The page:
After two weeks of being “held” by a tight circle of friends and lifted by the broader community around them, Tom Robinson and Susan Dieter-Robinson decided they were ready to talk openly about the deaths of their daughters and, more important, how their “love-drenched” lives enriched their family.

On Sunday evening, the Forest Grove couple sat down with a small group of reporters at Sonrise Church to share their memories of their daughters, who were killed by a motorist outside their home on Oct. 20. The next morning they came to the News-Times office, where for two hours they sat with Associate Editor Jill Smith and Publisher John Schrag and shared some laughter, a few tears and some wonderful family photos.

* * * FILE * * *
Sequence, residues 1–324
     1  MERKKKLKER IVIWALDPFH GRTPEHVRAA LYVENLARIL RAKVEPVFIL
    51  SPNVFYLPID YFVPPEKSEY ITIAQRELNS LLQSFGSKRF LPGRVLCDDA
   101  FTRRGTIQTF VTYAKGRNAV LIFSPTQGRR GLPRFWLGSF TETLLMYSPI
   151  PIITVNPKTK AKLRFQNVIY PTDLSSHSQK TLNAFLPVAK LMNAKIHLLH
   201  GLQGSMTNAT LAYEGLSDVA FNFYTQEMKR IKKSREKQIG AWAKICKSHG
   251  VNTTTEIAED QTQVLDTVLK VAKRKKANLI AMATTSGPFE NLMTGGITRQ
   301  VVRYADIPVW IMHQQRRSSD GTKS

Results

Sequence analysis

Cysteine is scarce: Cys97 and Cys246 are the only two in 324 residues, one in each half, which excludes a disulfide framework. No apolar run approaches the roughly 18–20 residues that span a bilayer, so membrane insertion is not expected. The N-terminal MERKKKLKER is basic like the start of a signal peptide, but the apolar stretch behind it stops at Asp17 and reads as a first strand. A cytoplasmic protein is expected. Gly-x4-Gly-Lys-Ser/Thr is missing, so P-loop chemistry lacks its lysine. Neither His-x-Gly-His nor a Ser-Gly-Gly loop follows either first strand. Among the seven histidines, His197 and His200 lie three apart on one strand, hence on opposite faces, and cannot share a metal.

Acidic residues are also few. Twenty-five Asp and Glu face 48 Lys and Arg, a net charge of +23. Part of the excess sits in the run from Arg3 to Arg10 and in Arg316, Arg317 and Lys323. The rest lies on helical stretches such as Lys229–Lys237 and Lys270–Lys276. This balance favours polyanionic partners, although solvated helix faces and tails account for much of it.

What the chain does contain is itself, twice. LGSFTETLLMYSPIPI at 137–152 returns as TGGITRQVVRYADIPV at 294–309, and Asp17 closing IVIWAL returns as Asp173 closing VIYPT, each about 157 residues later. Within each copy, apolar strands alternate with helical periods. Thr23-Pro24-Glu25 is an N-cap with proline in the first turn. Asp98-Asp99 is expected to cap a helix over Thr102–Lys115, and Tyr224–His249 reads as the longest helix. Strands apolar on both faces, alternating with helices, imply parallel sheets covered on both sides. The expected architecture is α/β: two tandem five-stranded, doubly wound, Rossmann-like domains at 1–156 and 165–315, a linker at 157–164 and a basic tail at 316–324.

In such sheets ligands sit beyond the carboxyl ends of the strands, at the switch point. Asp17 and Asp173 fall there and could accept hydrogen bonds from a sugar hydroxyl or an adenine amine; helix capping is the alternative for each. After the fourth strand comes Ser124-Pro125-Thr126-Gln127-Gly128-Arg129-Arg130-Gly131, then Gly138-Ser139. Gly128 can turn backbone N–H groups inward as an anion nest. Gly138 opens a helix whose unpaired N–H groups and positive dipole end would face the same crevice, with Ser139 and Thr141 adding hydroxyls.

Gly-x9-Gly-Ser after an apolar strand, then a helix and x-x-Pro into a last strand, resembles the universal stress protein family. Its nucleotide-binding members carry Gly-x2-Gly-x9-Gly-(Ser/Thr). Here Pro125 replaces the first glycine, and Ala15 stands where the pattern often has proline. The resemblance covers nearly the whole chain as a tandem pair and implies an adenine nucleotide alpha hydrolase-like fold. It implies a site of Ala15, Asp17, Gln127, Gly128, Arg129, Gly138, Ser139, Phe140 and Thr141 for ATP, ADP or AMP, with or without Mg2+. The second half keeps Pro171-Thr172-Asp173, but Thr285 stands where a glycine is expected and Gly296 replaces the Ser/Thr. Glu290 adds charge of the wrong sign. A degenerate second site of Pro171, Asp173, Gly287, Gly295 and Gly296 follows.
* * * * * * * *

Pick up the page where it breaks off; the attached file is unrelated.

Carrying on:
Excerpts from that conversation, which we recorded, appear in this issue. At their request certain topics were either not brought up or, in a couple instances, omitted from the transcript. These include details of the accident and any discussion of the upcoming criminal trial of Cinthya Garcia-Cisneros and Mario Echeverria.

The transcript has been edited for brevity and clarity.